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Greens take a cue from financiers

Environmental ‘derivatives’ encourage creative, proactive conservation.

Giving individual commercial fishermen in the Gulf of Mexico a share of the overall yearly catch of this fish cut the bycatch (fish caught but discarded) dramatically, while making the fishery more profitable.

David McLain/Getty image/FILE

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In 1990, Congress amended the Clean Air Act to address the problem of acid rain. Allowable emissions for sulfur dioxide (SO2) and nitrogen oxides (NOx), two major components of acid rain, were capped. Emitters then traded a shrinking number of permits – the right to emit these pollutants – on a market. Supply and demand dictated the price.

By 2002, SO2 emissions from power plants had dropped by 41 percent compared with 1980. NOx emissions fell by one-third com­pared with 1990. Overall, emissions were reduced much more quickly and cheaply than doomsayers had forecast. A 2003 study by the Office of Management and Budget found that the program had produced more measurable benefits to human health than any other major federal regulatory program of the previous decade. Benefits surpassed costs by more than 40 to 1.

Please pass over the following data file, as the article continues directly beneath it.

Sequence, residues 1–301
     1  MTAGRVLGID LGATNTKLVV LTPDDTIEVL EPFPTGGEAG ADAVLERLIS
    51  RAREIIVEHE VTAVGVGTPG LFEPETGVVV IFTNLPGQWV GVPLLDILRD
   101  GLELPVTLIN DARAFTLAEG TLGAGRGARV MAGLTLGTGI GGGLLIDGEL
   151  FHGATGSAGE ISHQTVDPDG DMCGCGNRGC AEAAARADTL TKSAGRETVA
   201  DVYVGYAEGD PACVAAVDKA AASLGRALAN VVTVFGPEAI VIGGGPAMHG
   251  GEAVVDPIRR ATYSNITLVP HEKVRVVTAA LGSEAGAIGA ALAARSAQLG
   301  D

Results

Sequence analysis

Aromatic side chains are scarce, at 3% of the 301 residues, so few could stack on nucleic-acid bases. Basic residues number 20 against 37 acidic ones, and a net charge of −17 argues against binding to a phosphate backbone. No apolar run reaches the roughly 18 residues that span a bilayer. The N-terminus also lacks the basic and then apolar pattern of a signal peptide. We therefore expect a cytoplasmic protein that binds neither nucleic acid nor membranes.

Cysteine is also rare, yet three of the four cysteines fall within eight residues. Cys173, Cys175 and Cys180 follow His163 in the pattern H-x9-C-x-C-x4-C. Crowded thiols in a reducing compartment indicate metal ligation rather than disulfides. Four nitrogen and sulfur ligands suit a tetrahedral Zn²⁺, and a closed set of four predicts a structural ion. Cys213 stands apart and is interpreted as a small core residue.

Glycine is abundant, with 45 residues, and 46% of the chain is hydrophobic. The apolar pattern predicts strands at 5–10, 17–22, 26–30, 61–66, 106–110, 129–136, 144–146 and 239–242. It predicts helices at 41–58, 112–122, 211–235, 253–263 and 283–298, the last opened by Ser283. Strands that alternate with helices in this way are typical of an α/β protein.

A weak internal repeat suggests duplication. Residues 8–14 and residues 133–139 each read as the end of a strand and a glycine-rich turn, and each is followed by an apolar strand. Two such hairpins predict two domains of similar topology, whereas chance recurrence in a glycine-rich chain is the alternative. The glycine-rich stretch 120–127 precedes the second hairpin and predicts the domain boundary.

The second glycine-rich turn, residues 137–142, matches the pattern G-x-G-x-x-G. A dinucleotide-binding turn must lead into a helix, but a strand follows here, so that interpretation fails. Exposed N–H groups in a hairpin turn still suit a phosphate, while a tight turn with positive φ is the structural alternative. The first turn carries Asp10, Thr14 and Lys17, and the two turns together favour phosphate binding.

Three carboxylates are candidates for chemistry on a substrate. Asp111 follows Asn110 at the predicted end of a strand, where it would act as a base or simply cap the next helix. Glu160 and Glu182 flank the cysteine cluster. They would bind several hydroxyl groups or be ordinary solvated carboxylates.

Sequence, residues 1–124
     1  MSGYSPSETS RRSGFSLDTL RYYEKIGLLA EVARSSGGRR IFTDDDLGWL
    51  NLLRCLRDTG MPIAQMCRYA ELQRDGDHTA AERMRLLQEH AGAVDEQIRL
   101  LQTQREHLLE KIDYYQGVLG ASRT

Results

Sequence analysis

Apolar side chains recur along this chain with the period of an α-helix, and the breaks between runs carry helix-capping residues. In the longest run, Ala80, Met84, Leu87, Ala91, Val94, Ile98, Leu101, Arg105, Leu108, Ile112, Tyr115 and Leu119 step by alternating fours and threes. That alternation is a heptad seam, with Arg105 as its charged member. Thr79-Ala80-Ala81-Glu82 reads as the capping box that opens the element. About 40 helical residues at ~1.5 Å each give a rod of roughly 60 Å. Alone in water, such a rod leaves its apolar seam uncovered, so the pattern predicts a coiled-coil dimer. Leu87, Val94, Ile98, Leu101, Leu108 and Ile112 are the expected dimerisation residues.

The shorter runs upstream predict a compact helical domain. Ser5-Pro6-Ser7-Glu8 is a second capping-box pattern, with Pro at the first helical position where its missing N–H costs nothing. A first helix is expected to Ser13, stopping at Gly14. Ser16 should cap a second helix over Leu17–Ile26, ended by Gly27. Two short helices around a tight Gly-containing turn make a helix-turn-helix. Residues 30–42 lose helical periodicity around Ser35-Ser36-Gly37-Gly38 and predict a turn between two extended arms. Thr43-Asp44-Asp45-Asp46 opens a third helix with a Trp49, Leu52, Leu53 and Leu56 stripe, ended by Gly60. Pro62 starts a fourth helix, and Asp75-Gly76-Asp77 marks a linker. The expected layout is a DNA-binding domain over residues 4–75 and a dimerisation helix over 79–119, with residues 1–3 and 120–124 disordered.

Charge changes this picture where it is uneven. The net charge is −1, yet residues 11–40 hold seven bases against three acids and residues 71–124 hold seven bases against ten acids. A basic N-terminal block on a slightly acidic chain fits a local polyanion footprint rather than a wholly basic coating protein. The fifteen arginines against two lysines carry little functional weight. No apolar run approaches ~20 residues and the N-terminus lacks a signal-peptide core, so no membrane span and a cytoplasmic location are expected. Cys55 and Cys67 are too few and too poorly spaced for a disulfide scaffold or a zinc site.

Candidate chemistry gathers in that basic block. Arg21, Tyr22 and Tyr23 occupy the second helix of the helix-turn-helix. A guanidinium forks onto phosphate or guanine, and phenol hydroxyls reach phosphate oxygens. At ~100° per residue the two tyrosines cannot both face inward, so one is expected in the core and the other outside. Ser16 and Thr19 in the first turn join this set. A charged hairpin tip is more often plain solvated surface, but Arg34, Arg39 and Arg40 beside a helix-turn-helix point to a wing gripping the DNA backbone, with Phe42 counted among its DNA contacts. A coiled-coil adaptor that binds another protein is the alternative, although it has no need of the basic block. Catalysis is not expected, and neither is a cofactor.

Today, the cap-and-trade program is widely cited as proof that the efficiency and creativity of a free market can be harnessed to protect the environment. Its success seems to indicate that environmental regulation need not squelch economic growth. Many now anticipate a similar approach to – and success with – the much larger-scale problem of carbon emissions.

Some also urge that more market tools be applied to conservation. The environmental problems facing humanity are so large that traditional approaches no longer suffice, they say. Market-based tools that incentivize conservation before situations become dire must be developed and applied.

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